Wednesday, March 18, 2009

Slumdog Millionaire

Even though I'd requisitioned a few cans of Guinness for St. Patrick's Day, I instead ventured out with another skeptical friend to see Slumdog Millionaire & to find out what the fuss is about. Everyone I know who has seen this Academy Award winner has raved about it. We saw it at the Sundance Kabuki in Japantown, which is a pretty fancy venue. You get an assigned seat, & you're allowed to purchase alcoholic beverages to bring into the auditorium. The ticket-taker insisted on carding me, which at my advanced age is something of a treat.

The movie itself turned out to be 100% Hollywood. The hero is honest, plucky & good-looking, & love is the ultimate reward...along with fame & money. I did think that the part where the young Jamal becomes a fake tour guide at the Taj Mahal was kind of funny, & the Bollywood dance during the final credits was cute. Otherwise, it was so predictable that I was almost surprised that there were no surprises. I kept thinking of Mira Nair's Salaam Bombay, a vastly superior movie which covers some of the same ground but is much more uncompromising in its depiction of street children. Salaam Bombay also has an excellent soundtrack including street songs & jazz-inflected music by L. Subramaniam.

9 comments:

Immanuel Gilen said...

It's certainly a Hollywood story (hence all the Oscars), but that's what I found so great: how you can tell such a (indeed) predictable love story so winningly.

I'm not convinced Boyle wanted to make a realistic portrait of street children. My experience of the movie was much more like a colorful fairy tale romance, and in viewing the movie that way, the predictability of the plot didn't bother me one bit.

I'll be looking out for Salaam Bombay, though; I have wanted to delve into Indian cinema for a while, and that movie might just be a good starting point.

Unfortunately, I got carded too yesterday, resulting in my ejection from a Mission bar and having to bribe someone to buy a six-pack of Guinness for me from the corner store. It was a new personal low.

Axel Feldheim said...

Tsk tsk. How pernicious of you. There was a drunk driving checkpoint set up in my neighborhood, so there were lots of ways one could get in trouble last night.

Regarding Slumdog, I guess I'm not much interested in Hollywood storytelling these days, so it didn't work for me.

Regarding Indian cinema, I think first of the art films of Satyajit Ray from the 50s & 60s. I don't know if these movies still work, but I recall them being powerful & beautiful. I also think they are admirable for their refusal to romanticize poverty.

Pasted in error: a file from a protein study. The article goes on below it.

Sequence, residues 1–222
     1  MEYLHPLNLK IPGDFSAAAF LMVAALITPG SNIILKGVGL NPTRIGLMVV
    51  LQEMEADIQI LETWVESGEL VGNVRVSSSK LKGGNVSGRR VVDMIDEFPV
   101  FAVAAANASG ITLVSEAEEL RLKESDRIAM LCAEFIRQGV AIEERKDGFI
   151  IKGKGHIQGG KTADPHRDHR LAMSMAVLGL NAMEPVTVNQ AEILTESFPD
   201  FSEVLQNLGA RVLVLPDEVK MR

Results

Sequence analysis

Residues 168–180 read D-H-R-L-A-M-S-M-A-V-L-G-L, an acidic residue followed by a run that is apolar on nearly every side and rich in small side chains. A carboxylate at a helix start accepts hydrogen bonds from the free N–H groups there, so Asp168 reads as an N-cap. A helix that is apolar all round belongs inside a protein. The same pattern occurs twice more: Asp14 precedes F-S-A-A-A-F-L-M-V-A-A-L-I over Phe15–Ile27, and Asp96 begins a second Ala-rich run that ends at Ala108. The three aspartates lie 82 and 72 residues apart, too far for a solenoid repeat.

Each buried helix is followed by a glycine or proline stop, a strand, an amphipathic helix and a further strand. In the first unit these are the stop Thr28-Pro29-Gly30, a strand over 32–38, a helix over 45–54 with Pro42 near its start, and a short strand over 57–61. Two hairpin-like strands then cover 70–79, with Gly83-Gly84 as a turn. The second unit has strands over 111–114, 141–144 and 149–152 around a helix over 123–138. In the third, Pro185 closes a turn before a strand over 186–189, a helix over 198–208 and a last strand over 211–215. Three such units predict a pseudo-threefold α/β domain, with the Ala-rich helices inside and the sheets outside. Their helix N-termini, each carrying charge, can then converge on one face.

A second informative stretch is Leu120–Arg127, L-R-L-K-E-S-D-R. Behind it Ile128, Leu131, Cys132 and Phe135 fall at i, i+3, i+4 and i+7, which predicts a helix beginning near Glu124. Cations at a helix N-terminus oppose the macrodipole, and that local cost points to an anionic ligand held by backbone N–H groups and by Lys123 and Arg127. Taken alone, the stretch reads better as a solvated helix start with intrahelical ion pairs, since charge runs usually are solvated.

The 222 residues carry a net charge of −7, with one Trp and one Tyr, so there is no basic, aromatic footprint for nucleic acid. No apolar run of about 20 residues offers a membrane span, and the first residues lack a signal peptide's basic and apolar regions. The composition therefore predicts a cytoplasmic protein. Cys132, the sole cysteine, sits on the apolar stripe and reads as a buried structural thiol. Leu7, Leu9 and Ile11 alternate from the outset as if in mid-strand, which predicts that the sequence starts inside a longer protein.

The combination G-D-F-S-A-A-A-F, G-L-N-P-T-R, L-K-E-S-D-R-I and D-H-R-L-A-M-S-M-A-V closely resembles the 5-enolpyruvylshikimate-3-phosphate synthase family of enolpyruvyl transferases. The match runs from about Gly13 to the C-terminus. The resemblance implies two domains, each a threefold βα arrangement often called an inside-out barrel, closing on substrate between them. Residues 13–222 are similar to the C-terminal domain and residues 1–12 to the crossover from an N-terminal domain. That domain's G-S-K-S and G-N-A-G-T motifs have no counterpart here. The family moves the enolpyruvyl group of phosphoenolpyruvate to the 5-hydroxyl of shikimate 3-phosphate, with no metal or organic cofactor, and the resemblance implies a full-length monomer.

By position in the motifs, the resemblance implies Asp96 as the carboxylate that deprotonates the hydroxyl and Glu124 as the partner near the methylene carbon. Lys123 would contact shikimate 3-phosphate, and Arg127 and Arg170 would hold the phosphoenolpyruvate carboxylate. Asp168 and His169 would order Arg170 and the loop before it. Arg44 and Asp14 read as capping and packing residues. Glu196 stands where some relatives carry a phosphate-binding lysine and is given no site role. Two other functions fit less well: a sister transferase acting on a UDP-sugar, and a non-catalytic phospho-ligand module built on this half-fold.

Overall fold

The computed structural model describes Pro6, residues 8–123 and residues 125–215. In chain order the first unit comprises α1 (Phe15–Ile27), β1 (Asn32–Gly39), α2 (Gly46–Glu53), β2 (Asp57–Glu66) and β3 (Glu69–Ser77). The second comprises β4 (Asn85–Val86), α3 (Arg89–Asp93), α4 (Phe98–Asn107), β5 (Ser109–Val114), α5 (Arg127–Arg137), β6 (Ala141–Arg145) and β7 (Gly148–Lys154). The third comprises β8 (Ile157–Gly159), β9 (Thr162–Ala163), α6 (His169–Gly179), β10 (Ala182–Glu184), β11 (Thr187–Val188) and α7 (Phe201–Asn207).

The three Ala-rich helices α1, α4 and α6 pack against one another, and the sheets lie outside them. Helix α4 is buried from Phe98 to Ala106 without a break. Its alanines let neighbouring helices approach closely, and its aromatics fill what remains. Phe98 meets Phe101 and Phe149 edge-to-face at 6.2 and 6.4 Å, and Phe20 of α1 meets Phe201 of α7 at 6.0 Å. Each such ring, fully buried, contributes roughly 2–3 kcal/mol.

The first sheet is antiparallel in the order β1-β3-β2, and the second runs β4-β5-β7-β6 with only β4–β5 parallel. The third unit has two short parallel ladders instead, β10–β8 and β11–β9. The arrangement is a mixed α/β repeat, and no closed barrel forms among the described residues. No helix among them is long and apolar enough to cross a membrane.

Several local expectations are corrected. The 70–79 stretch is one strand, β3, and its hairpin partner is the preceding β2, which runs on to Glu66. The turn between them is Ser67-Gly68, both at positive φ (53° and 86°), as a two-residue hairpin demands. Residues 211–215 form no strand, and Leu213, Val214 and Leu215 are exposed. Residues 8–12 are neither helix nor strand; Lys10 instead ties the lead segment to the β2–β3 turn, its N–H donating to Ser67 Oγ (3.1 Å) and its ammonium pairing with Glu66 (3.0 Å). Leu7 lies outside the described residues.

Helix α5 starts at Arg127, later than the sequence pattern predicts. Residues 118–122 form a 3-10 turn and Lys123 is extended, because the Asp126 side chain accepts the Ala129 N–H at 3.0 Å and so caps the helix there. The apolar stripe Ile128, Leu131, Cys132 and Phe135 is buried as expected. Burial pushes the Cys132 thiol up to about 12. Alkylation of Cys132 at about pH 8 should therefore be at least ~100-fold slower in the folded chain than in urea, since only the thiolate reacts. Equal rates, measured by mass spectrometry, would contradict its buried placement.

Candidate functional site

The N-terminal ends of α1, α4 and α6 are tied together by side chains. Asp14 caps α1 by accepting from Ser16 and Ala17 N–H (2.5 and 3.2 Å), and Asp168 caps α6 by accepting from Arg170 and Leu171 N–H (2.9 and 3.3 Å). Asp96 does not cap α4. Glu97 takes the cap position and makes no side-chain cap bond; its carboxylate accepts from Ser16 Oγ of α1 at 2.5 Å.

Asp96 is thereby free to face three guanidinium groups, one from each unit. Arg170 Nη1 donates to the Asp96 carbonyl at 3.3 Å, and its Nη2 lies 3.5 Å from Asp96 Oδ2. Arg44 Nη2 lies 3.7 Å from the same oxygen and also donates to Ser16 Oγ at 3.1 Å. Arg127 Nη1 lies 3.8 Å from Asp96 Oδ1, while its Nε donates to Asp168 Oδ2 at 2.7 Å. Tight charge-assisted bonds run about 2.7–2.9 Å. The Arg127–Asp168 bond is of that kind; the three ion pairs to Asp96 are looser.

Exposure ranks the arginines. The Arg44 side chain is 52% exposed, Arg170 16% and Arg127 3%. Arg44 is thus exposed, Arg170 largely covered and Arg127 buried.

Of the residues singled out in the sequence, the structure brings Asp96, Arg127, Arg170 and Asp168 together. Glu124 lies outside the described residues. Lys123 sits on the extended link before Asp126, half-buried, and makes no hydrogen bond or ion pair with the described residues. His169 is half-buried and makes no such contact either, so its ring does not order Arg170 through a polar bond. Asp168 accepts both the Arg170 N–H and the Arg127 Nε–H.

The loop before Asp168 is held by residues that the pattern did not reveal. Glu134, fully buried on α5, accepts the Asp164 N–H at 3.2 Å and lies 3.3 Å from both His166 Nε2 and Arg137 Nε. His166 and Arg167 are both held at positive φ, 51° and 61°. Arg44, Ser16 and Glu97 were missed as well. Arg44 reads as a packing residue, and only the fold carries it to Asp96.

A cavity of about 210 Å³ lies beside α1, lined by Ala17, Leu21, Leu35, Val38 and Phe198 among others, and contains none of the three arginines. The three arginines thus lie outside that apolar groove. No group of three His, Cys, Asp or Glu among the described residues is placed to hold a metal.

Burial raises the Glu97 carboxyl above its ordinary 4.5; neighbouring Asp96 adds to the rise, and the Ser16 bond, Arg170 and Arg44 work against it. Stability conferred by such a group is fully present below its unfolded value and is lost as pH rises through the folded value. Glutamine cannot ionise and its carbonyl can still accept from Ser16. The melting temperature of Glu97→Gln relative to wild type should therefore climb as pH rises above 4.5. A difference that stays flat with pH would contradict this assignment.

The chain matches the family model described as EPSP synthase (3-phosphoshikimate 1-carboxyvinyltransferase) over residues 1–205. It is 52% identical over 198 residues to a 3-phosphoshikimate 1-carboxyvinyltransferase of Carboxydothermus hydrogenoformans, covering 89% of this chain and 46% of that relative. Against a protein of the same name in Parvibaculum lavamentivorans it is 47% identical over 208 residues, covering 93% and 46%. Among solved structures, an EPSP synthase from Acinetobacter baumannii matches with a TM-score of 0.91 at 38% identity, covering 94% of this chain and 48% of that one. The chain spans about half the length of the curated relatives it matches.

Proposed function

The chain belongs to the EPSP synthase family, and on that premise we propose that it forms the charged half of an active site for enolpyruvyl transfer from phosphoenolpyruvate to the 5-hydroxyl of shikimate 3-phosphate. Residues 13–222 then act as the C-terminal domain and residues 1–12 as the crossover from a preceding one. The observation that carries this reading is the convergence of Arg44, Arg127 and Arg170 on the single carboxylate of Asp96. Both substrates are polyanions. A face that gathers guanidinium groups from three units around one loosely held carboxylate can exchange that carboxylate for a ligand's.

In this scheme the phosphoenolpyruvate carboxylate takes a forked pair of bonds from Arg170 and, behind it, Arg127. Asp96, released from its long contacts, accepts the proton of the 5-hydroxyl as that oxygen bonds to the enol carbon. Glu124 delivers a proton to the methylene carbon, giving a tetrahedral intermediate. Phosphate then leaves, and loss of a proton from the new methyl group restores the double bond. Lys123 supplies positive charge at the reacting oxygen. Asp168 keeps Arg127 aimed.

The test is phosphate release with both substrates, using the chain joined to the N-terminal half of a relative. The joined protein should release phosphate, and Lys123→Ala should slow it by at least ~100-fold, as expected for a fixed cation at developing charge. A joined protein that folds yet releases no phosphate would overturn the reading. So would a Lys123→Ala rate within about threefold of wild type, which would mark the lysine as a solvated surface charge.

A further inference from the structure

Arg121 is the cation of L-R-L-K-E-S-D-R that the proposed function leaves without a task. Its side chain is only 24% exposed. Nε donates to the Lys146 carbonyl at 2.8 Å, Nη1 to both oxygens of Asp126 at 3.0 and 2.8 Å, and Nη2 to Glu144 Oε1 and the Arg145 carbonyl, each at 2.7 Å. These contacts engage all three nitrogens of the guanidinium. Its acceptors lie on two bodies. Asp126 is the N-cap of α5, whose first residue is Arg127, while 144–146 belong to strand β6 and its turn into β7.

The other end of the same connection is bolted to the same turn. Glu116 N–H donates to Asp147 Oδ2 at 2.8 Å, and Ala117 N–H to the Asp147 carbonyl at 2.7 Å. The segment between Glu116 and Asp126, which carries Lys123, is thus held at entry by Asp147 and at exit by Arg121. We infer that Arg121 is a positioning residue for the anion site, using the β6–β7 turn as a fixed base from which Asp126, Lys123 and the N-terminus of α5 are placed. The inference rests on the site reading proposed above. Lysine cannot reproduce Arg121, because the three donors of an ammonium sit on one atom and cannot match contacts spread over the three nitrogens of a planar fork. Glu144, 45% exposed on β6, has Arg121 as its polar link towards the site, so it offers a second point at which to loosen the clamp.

The Opera Tattler said...

Satyajit Ray is one of my favorite filmmakers.

Axel Feldheim said...

Thanks for seconding my recommendation, Tattler!

sfmike said...

They hate Satyajit Ray in India since he was a European-style art house filmmaker, which is not the Indian style of filmmaking at all. I'm also a total fan of his films and can't watch the last two installments of the Apu Trilogy without falling apart.

For a well-done, traditional Bollywood film, complete with the entire cast bursting into song and dance every twenty minutes or so, check out "Lagaan." It's wonderful and if you understand the rules of cricket, it's probably even better.

Axel Feldheim said...

Thanks for the Lagaan recommendation. I'm afraid I don't much about cricket, though.

Ray movies are certainly artsy, so I am not surprised that they would have a small audience, even in their own country.

The Opera Tattler said...

Satyajit Ray is certainly distinct from the Hindi film industry, especially given that his films are mostly in Bengali.

Lagaan is quite amusing, though. My favorite movie of that type is either Hum Dil De Chuke Sanam or Don.

Jagger said...

I think it's important for some users here to distinguish between Hindi cinema ("Bollywood") and Bengali cinema.

Satyajit Ray's so-called "European" style of filmmaking is very common in Bengali cinema, where Ray is highly regarded, alongside other great Bengali independent filmmakers such as Ritwik Ghatak and Mrinal Sen.

On the other hand, Hindi cinema has a more "Hollywood" style of filmmaking, in that it's a mainstream movie industry that mainly caters for the masses, hence the name "Bollywood". Most Hindi films are usually musicals as well, whereas most Bengali films are not musicals.

In other words, what we have here are two very different styles of Indian filmmaking, neither of which is anymore "Indian" than the other. I think Slumdog Millionaire falls within that middle-ground between both styles of filmmaking.

Axel Feldheim said...

Thank you for your clarifying comments, Jagger. Myself, I've never seen a Bollywood musical, so my experience of Indian cinema really is limited to Ray & Nair.